How to Use the SlicerSALT 1.0 Data Importer
The Slicer Shape AnaLysis Toolbox (SlicerSALT) is an open source software framework that helps researchers study shape changes in anatomy. With modules such as Data Importer, the framework enhances the intuitiveness of morphology analysis studies. Data Importer is especially helpful for reviewing the topology of complex anatomical structures. We use it with craniofacial data, as shown below.
You can download synthetic data on Girder such as “case02_allSegments.” The data consists of different label maps with multiple labels, each of which highlight a structure for analysis. Data Importer not only visualizes the cohort of label maps in a dataset, but it visualizes individual labels within each data file. The module also evaluates the shape topology of every label, indicating whether all labels within the cohort have consistent shapes. Since some of SlicerSALT’s methods are constrained to a certain shape topology, Data Importer can help you detect and troubleshoot potential analysis errors in the input data.
To select Data Importer in SlicerSALT, type its name in the magnifying glass in the Modules menu, or browse for it in the dropdown menu.
You can either import data from a directory or from a comma-separated value file. Once the correct input data source has been loaded, use the Import button to load all the input data into the scene.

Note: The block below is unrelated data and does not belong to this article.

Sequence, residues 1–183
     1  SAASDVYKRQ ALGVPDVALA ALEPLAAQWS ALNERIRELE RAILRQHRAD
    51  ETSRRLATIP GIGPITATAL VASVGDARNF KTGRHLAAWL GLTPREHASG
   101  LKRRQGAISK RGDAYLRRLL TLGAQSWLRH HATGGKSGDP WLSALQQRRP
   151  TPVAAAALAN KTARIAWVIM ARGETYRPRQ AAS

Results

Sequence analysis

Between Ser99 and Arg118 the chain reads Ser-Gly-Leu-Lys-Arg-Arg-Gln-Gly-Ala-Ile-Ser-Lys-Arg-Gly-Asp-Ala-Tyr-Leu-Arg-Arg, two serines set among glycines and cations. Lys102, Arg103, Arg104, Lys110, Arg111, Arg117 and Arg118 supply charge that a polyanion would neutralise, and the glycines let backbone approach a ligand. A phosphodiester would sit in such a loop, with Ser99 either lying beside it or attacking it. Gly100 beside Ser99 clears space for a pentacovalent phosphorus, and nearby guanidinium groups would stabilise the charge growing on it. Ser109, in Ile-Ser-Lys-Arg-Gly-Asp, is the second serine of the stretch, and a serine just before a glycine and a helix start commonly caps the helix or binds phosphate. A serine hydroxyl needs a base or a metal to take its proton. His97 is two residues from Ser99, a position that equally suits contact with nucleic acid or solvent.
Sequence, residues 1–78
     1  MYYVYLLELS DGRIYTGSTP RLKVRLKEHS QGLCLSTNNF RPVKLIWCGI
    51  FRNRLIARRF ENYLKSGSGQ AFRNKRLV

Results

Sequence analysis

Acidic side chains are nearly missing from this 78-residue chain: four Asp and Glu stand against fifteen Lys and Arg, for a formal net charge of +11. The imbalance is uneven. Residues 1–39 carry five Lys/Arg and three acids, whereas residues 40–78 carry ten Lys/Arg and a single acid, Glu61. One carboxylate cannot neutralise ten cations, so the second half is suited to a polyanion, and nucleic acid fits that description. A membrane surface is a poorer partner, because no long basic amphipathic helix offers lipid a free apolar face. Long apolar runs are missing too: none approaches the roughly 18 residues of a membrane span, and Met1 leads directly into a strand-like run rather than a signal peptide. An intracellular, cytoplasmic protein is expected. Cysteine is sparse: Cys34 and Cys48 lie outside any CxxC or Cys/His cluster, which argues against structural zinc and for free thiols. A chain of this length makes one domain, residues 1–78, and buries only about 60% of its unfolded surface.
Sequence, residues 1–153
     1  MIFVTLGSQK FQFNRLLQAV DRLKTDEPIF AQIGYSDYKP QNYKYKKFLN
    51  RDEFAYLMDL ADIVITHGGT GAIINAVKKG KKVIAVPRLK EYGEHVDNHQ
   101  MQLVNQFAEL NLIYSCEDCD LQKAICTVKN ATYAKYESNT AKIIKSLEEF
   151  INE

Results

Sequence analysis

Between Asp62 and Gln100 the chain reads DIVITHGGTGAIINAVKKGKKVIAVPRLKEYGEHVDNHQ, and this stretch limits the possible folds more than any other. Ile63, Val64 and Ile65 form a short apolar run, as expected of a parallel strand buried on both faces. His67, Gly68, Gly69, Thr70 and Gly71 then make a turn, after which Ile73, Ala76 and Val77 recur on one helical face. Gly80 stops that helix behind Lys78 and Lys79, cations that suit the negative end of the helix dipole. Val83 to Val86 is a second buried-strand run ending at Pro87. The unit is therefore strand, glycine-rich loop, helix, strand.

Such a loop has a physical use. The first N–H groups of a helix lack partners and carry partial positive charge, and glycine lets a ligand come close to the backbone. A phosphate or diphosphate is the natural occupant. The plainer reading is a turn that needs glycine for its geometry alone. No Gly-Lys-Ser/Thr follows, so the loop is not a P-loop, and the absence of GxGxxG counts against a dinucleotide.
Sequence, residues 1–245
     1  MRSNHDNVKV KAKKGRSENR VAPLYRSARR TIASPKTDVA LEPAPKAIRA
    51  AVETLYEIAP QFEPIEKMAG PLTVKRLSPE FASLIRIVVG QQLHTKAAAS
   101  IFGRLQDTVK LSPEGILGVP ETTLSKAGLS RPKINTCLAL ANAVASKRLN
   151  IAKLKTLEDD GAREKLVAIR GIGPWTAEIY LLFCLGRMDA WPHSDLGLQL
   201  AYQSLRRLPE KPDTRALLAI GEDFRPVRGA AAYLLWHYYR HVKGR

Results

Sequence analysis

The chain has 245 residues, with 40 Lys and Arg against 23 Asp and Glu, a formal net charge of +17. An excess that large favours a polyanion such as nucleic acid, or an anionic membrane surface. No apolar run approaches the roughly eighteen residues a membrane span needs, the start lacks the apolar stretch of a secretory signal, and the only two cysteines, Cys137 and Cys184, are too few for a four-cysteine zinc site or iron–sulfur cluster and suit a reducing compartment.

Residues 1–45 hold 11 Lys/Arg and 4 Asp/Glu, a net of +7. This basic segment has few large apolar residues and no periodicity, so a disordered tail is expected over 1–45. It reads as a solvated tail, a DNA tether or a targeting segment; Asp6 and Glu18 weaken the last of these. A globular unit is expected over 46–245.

If the data is loading correctly, a dialog will appear.
The input data to the Data Importer module is a cohort of segmented anatomies. This means that every case should include the same number of segmented labels. To aid with data quality control, Data Importer has multiple tables: Imported Subjects and Segments in Selected Subject. The module can display each label for a given subject together, depending on the Subjects/Labels selection in the tables.
In our example, we load three time points (subjects) for the same orthognathic surgery patient: one pre-surgical time point and two post-surgical time points. Each time point includes two labels. As the screenshot indicates, the mandible label, is consistent for all subjects. The maxilla label, however, includes inconsistencies. This means that the anatomical structure does not have the same topology in the cohort of different time points.
You can fix the the topology of the structure in a segmentation package. In the future, we plan to extend the Data Importer module to automatically parse the output folders of well-known segmentation programs used in medical image analysis such the FMRIB Software Library, FreeSurfer and Autoseg. None of these platforms currently enable sophisticated shape analysis.
Research reported in this publication was supported by the National Institute Of Biomedical Imaging And Bioengineering of the National Institutes of Health under Award Number R01EB021391. The content is solely the responsibility of the authors and does not necessarily represent the official views of the National Institutes of Health.